My final verdict on her is that she is still very judgmental and I didn't like the comments she made about certain people. However, I still did like some of her opinions and enjoyed watching her change some opinions she had over the course of the novel.

Her father is a egotistical, sexist pig head who is just so obviously self-centered that is is laughable. He has a newborn baby and contributes absolutely nothing to helping with the care-giving. He assumes that his wife is happily taking care of the baby, cleaning the house and making dinner for him. He also has no problem dumping all his baby duties off to his daughter who is supposed to be spending her time there vacationing and not babysitting. He makes this statement which was really the final straw for me so much that, despite how much he might have "changed" by the end, I am glad I don't have to ever deal with him again:
"If you were an Ashley or a Lisa, not an Auden, do you think you'd be so special?"
Excuse me?

I'm not even really sure what to label her mother. She is just a piece of work. She gives her daughter the bitchiest pieces of advice, such as things like: "Oh, darling, don't be bitter. It's the first instinct of the weak" and "A smart woman knows a fling is always best."... She, too, is a big fat hypocrite who openly shows her distaste for women who are "feminine" and not "assertive" "enough" or "smart" "enough", but then complains about her son's fiance being too smart and serious for him. She raises Auden to be smart and sensible, but hates the idea of her son settling down and becoming a bank teller when she would rather him go back to partying around Europe and living off her money. No. Just no.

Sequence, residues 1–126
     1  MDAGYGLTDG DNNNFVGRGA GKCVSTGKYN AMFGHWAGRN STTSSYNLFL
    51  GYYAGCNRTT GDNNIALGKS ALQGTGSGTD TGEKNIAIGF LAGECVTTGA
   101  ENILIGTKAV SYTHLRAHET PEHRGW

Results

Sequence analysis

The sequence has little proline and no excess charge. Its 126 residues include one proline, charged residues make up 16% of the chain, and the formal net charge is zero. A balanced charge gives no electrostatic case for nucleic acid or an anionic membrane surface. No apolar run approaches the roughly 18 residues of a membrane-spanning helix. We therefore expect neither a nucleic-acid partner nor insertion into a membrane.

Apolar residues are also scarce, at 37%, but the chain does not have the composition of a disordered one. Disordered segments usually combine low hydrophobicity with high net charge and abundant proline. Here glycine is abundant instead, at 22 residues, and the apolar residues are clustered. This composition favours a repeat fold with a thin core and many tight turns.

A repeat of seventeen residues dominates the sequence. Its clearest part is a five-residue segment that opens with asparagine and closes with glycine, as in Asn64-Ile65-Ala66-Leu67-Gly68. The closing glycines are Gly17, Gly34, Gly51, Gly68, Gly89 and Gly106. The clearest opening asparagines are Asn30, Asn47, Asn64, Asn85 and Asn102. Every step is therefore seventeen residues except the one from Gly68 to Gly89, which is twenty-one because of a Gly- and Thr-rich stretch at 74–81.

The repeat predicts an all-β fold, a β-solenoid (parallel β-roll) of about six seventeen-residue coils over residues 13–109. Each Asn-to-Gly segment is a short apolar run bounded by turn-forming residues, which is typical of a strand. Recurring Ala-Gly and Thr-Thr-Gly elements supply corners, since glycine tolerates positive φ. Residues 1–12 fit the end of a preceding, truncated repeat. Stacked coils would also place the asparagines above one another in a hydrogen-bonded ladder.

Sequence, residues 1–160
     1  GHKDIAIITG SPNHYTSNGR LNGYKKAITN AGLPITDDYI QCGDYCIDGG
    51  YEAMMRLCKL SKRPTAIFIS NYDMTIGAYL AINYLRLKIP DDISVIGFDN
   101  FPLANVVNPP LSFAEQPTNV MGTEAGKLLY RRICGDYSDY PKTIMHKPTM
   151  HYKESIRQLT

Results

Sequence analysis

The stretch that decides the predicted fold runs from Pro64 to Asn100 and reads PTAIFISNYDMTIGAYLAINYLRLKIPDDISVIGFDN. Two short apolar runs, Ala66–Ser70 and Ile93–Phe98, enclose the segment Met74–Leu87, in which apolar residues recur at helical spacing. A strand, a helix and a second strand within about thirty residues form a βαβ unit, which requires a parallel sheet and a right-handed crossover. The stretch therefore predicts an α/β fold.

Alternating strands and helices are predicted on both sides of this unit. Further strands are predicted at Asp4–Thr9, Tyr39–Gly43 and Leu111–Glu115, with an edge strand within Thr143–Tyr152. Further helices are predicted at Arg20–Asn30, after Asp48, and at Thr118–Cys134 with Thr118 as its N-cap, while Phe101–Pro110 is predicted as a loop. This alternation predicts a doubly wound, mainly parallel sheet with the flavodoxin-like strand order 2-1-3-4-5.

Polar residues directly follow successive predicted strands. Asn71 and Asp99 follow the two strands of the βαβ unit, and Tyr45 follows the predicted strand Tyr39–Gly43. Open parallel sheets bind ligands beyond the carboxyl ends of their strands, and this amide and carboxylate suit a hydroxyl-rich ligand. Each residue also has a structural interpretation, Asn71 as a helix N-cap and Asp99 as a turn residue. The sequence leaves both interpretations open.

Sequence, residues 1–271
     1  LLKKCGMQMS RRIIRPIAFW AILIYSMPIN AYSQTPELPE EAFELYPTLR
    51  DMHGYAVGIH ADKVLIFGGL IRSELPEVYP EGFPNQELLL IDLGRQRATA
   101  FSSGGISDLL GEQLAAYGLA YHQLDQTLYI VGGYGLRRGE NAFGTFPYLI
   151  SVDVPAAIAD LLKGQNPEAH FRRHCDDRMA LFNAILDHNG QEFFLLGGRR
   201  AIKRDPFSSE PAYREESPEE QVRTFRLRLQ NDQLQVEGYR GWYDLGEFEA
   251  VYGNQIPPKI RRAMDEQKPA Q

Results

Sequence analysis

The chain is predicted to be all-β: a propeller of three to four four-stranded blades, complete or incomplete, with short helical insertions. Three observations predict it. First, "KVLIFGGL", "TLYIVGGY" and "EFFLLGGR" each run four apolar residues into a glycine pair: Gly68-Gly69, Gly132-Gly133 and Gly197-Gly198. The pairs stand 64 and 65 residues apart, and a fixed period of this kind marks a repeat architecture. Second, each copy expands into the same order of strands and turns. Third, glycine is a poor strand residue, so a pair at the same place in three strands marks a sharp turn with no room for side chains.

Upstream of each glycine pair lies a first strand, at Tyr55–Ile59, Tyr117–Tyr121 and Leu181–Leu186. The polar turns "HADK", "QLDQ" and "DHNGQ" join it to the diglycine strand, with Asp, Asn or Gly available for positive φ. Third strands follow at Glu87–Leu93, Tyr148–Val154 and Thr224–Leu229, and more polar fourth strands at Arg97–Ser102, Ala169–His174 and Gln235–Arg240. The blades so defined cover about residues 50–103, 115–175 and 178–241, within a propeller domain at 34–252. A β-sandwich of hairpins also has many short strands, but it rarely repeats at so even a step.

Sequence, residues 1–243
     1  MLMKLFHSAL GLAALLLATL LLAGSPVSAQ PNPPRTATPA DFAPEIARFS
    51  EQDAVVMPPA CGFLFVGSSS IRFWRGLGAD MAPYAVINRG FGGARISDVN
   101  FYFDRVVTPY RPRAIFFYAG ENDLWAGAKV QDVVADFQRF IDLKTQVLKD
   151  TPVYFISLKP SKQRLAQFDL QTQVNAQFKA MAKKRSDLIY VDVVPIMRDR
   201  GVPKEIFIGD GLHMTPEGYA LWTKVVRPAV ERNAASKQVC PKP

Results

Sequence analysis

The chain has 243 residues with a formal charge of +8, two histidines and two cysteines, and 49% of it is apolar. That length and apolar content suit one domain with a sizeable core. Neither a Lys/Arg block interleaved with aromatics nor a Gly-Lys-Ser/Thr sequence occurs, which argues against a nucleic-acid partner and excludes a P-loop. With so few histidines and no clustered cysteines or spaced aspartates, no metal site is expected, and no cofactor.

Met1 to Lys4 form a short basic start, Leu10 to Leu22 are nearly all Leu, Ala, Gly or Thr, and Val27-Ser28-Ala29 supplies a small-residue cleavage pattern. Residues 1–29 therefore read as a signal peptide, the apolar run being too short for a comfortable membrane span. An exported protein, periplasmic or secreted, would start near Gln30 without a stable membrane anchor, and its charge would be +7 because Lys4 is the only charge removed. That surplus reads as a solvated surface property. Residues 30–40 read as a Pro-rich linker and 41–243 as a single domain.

The story just didn't wow me. Maybe there is not supposed to be a major, main plot line in these sorts of books, but I found myself reading without any idea what I was supposed to be looking forward to in the end.

Was the story supposed to revolving around Auden learning how to ride a bike? Or learning to give second chances? Or discovering herself? Or learning to like Heidi? Finding a name for the bike shop? Learning to balance school and a social life? Completing her quest? Getting a second chance at prom? It is mostly a mix of all of these things and I don't know why this bothered me, but it did. A major plot with a beginning, middle and end felt non-existent to me. 

Overall, for something I was expecting to be a light, summer read, a lot more thought and analysis came out of this book than I really hoped for. It was okay, but nothing as wonderful as I heard all Sarah Dessen's books were supposed to be. I may or may not read more of them, but I would still recommend.


But I still kind of wondered, that night and so many others, what I was missing.

"People don't change. If anything, you get more set in your ways as you get older, not less."

So I took the checkbook, nodded, and walked out the door, leaving them- as I had so many other groups- to say whatever they would about me once I was gone.

"That first love. And the first one who breaks your heart. For me, they just happen to be the same person. At least I'm efficient, right?"

"Who says there has to be a point? Or a reason. Maybe it's just something you have to do."

"Who says you have to be either smart or pretty, or into girly stuff or sports? Life shouldn't be about the either/or. We're capable of more than that."

"Failing sucks. But it's better than the alternative."
"Which is?"
"Not even trying.
" Now he looked at me, straight on. "Life's short, you know?"

"People change."
"Or they don't. Sometimes, they don't."

When something's difficult to come by, you'll do that much more to make sure it's even harder- if not impossible- to lose.

I had these experiences, these tales, more of this life. So maybe it wasn't the fairy tale. But those stories weren't real anyway. Mine were.

"So you don't want me to take you,
" he said.
"No," I replied. "But I'll meet you there."

On My Goodreads: